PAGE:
I know quite a few people who I respect, who are prominently identified with their employers' handles, who also have their personal handles and tweet more personal stuff from there. Though I certainly make the connection between them and their organizations, I don't think any worse of them for being upfront. However, I will say that I haven't seen (or noticed) them tweeting anything off-color/that could be perceived as inappropriate from their personal handles... so maybe that plays into it as well.

Tinu
Tinu

I completely get what you're saying. It's a wilder wild web - what you do/say in your personal account Will affect your business account, particularly if you connect them. My partners and I don't bother to separate - I'm not two people, why should I have two accounts? And I try to keep the conversation appropriate for the time of day, and when I'm being casual, I'm still myself but like anyone else, the way I talk will depend on my environment. If I was at a networking mixer, I wouldn't get drunk and scream about my dating life - I'm in public. And that's how I think we need to behave when we share on the web, like we're in public. Some areas are certainly going to be more intimate, but they're still public. But unlike an in-person encounter, what we say online, even in emails, can live forever. Being careful is just smart.

RubyChan228
RubyChan228

You are annoyingly light on details here (i.e. "small business" is *painfully* generic and you likewise don't actually explain WHAT on the private accounts is so awful you change your shopping(?) habits based in it), but I've seen enough in this issue that I have a feeling I know what you're saying...

So, basically, people are no longer allowed to have private lives? Or, if they do they must keep them hidden away from their world, least be seen by full-grow adults so immature they base what stores they go to, not on any rational assessment of the store's product and services, but how they felt about an employee's personal Twitter account?!

And, people here honestly and truly think that's a rational position to take?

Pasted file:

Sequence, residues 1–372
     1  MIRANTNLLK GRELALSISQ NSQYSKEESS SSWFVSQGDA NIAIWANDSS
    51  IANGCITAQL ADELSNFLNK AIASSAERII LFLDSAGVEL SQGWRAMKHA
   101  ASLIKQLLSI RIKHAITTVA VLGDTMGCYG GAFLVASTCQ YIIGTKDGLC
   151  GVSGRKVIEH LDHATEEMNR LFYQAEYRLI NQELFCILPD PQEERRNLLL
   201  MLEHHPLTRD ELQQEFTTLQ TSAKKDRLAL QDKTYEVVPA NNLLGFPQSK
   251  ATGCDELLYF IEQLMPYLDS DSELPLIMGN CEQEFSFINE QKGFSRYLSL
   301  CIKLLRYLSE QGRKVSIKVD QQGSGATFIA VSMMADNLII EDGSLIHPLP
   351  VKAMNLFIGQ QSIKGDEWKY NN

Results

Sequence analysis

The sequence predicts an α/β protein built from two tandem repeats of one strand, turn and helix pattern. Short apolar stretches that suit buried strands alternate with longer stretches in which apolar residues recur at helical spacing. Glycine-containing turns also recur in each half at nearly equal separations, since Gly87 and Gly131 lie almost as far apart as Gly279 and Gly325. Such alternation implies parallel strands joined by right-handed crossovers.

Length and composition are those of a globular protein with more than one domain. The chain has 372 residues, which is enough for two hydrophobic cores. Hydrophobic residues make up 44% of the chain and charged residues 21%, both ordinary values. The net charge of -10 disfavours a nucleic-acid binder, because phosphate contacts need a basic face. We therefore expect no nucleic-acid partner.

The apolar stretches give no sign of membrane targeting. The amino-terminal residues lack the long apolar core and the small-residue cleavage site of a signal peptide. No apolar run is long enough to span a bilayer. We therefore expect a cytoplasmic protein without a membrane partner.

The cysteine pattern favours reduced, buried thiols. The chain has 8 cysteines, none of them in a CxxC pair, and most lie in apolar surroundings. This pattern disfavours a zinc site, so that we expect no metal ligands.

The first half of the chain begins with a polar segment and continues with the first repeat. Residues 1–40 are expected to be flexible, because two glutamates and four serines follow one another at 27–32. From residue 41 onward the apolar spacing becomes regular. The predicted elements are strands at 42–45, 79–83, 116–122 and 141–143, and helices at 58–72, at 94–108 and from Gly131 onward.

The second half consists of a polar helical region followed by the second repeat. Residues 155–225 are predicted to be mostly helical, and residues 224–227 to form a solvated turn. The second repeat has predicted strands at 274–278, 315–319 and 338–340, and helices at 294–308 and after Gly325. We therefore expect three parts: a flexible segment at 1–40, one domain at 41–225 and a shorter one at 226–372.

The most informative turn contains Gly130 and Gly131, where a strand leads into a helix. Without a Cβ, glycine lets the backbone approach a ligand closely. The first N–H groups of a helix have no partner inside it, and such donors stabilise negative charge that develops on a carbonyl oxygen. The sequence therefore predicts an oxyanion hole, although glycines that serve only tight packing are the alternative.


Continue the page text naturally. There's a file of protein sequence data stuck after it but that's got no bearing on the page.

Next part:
Dear God, companies *employ* people, they don't *own* them. What they do and who they are OFF THE CLOCK, is their own business and NO ONE eles'. Least of all their employer's or customers. If they want to leave work on Friday and, on their own personal time, go out to a club and get drunk, here in America, they are allowed to do so! And if they want to Tweet their own, personal Twitter account to invite their friends out of whatever, they are also allowed to do so, because, guess what? This is a free country!

The idea that they shouldn't be permitted to speak of this in their own personal online space, because OMG!!1! a customer that disapproves may see it and be so childish as to not buy from their craft store because an employee Tweeted about getting drunk on their time off over the weekend...

I'm sorry, but that is pure lunacy.

sigmaweb
sigmaweb

This is a great point, Ken. I tweet under my business name, @sigmawebmktg, and have often thought about setting up a personal account... but I really don't need yet ANOTHER social media stream to keep up with, so I haven't done it. But several of my clients have this "two-tweeter" conundrum, and I know businesses try to separate the "personal" from the "business" all the time. I think you really hit the nail on the head by saying that this is impossible.

This is sort of like "No personal phone calls!" from the era in which I grew up. Who were they kidding?!

Amy Peveto
Amy Peveto

I love the technology age we're in, but this is one of the frustrating aspects; there just isn't much of a line between personal and business anymore, and I think there should be. For most people, they work FOR a company, but they are not THE company. I'm essentially the same person at work as at home, but there are of course aspects of my life (family, relationships, etc.) that I don't want to have splashed everywhere, or associated with my company. Not because I think it will reflect badly on me, but because it's really nobody's business.